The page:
My first design was based on a 30° hole, which gave a more dramatic look to the balancing bottle. I was going to go into the details of exactly how to determine the length the would work for any given angle, but it quickly became apparent that I was grossly over-complicating things and needlessly adding steps to the process.
I ditched the drilling jigs I’d made and rethought my approach to keep it as simple as possible. Using the dimensions in the pattern I sketched out, there’s no fancy angling of the hole and the miter is a straight-forward, easy to produce 45°.
Since the miter needs to be a flat, accurate cut located right at the end of the wood, I recommend using either a compound miter saw or radial arm saw with the head tilted to 45°. Or a table saw with the blade set at 45°. For me, the miter saw was the easiest way to go.
Cut the arc using your saw of choice. I prefer the band saw.
Routing A Roundover And Troubleshooting Some Sour Grapes
The final shaping operation is to rout a 1/4” roundover. This can be done with a handheld router, but a router table makes the job easier and safer. Round over all edges except the perimeter of the miter itself. When in use, the edges of the miter need to contact the table top. If they were rounded over, stability would be greatly compromised. So the 45° surface on the bottom needs to remain flat.
The 1/4” roundover bit has a guide bearing that maintains an even depth of cut. Well, I didn’t think about the fact that the taper is going to fall beneath the guide bearing. So the first one I routed inadvertently dips near the point, giving the impression that perhaps I’d popped that cork a little too soon. No worries though, there’s a simple way to avoid a spoiled batch.
You may wonder why I didn’t rout the roundover before cutting the miter. My reasoning is that cross grain cutting can sometimes cause a little tearout on the back end. Routing the roundovers afterwards will clean up any torn or chipped out corners. If I were to do it again, however, I might try reversing the order of operations, first routing then cutting the miter.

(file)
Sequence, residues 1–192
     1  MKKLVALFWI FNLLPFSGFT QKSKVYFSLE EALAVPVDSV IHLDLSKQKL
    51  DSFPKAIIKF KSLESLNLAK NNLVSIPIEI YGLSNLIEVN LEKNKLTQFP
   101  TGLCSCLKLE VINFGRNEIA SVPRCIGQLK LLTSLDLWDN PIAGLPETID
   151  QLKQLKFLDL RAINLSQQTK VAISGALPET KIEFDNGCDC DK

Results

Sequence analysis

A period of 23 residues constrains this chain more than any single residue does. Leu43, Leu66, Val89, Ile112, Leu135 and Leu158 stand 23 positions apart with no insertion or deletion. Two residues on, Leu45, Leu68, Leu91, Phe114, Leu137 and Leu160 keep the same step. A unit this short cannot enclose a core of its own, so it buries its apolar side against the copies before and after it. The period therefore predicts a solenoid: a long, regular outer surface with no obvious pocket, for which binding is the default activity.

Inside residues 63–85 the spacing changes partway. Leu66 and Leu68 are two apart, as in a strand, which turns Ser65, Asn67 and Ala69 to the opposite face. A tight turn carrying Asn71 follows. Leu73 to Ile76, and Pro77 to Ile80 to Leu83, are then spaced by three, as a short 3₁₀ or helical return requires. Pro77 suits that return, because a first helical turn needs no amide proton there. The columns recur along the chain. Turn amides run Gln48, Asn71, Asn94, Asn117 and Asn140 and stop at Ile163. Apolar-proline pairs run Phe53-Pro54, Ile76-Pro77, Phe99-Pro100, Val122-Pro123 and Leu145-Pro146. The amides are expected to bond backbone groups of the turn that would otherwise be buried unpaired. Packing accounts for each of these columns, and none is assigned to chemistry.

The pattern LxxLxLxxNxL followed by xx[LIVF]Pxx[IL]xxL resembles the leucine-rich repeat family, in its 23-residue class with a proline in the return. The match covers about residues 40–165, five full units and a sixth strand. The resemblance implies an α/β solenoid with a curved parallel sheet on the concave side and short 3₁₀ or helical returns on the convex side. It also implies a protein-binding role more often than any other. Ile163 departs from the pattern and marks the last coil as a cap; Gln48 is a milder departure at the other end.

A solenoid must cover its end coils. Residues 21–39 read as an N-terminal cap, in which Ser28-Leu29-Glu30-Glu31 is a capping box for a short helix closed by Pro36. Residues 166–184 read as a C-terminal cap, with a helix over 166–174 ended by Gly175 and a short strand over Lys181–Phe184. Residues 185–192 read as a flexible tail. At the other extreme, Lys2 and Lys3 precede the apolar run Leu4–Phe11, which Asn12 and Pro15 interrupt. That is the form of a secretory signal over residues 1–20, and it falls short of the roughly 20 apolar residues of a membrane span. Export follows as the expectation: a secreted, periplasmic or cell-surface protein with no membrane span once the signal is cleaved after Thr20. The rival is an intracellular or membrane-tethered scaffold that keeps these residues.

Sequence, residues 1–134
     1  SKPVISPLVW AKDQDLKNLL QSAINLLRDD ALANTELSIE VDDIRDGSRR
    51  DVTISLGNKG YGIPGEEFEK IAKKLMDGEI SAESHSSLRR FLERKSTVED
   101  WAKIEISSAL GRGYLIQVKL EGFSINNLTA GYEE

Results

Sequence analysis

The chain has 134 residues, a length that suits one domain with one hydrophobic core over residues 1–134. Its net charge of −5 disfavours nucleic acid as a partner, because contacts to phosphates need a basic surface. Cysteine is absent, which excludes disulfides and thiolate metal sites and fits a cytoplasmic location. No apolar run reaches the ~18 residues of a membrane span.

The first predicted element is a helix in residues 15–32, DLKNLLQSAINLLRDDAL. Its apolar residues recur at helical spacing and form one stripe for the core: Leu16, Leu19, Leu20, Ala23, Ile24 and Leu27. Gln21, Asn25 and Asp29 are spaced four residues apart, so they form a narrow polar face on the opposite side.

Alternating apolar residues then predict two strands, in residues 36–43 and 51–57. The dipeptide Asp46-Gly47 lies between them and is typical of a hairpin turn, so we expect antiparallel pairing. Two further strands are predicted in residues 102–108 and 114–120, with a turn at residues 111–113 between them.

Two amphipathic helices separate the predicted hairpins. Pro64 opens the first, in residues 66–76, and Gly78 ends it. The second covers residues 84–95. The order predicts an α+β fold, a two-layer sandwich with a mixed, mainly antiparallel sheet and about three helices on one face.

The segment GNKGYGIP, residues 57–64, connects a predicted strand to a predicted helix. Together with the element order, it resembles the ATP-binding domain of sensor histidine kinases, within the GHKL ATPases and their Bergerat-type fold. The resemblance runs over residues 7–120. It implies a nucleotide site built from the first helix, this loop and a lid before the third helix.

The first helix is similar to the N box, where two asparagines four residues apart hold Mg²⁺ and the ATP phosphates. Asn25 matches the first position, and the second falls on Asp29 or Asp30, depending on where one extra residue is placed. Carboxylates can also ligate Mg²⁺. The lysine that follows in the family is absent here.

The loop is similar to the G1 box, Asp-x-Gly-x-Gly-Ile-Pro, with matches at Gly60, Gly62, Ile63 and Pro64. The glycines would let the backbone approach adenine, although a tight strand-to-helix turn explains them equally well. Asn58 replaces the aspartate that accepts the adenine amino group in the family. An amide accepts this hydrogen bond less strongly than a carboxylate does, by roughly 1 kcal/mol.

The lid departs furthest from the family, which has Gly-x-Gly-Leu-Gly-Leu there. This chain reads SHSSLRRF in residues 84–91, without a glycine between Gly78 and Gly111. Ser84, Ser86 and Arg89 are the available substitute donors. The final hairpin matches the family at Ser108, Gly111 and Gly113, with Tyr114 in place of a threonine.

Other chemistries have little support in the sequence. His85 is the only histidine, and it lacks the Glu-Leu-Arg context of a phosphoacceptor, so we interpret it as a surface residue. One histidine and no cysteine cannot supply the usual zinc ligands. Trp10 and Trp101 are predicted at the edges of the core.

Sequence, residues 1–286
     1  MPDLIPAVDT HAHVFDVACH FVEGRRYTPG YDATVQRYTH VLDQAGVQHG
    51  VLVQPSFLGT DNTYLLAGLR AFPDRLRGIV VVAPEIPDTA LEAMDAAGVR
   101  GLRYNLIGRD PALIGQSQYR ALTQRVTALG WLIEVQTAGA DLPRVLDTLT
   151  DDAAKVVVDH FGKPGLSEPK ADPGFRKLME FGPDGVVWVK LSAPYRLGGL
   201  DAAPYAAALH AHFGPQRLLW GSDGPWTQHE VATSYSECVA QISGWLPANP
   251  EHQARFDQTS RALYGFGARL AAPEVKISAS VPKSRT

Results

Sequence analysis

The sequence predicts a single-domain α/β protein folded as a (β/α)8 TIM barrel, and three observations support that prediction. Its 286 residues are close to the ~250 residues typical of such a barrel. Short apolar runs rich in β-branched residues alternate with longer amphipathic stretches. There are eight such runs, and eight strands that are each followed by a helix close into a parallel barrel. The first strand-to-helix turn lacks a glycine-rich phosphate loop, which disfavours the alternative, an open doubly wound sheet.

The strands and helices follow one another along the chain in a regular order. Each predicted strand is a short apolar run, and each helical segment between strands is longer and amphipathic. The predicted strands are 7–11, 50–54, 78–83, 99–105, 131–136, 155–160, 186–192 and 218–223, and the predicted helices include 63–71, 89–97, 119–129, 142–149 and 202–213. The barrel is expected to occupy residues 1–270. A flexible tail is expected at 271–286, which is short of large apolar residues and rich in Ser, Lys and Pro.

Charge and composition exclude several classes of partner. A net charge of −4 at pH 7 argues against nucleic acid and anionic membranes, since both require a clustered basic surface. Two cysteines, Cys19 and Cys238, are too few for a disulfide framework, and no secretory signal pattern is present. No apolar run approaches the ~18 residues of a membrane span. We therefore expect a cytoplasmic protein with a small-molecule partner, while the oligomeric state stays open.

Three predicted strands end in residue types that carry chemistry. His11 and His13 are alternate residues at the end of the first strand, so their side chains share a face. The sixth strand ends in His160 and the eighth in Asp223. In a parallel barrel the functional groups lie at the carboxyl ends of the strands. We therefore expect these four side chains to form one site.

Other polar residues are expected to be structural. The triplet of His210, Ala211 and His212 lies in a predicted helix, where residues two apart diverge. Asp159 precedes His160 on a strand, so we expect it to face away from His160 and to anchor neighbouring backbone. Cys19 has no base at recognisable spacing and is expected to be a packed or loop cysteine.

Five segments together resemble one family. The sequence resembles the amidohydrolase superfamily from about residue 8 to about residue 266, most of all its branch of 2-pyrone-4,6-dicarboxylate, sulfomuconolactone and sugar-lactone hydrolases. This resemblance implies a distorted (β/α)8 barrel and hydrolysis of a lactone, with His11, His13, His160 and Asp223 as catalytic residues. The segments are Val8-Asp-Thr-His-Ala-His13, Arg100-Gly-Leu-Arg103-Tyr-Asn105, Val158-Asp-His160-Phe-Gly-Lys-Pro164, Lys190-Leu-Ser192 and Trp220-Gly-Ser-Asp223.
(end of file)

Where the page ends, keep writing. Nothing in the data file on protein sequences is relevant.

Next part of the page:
To solve the problem, I left about a half inch un-routed at the tapered point. Then I set the fence flush with the guide bearing and touched up that last little bit.
Home Stretch – Finishing Up The Balancing Wine Bottle Holder
All that’s left to do now is a little sanding and apply a finish. After sanding the hole and both faces, I hand sanded the roundovers until everything was silky smooth.
For a finish, I went with a two step process. First, I applied a generous coat of “boiled” linseed oil to the balancing wine bottle holder and gave it some time to soak in. It can be applied with a rag or brush. After about 20 minutes, I used a clean rag to wipe off all the oil that remained on the surface. If you fail to wipe off the excess it may dry to a gummy mess. Keep in mind that rags soaked in linseed oil can spontaneously combust, so make sure you store / dispose of them safely.
Allow the pieces to sit and dry for at least a day.
Finally, I treated the balancing wine bottle holder with “butcher block conditioner”, a food grade mixture of mineral oil, bee’s wax and carnauba wax. I chose this product not for its food safe quality, but for its resistance to water and other liquids that are typically encountered on kitchen countertops. With this finish, the piece can be lightly rinsed in water if it ever needs a cleaning.
Balancing Wine Bottle Holder – The Movie!
Drink No Wine Before Its Time – It’s Time!
And that’s all there is to making your own balancing wine bottle holder. It’s perhaps simpler than I made it seem. But a true sommelier will never say “it tastes good” and leave it at that when there’s so much nuance and nutty overtones to convey. As I’ve pointed out, you can simplify things by using a board and skipping the gluing and planing aspects of the project (I made some of each). A fine wine deserves a fine holder. Cheers!
While supplies last, you can also buy some of the wine bottle holders you saw me make via my Etsy store, for around $15!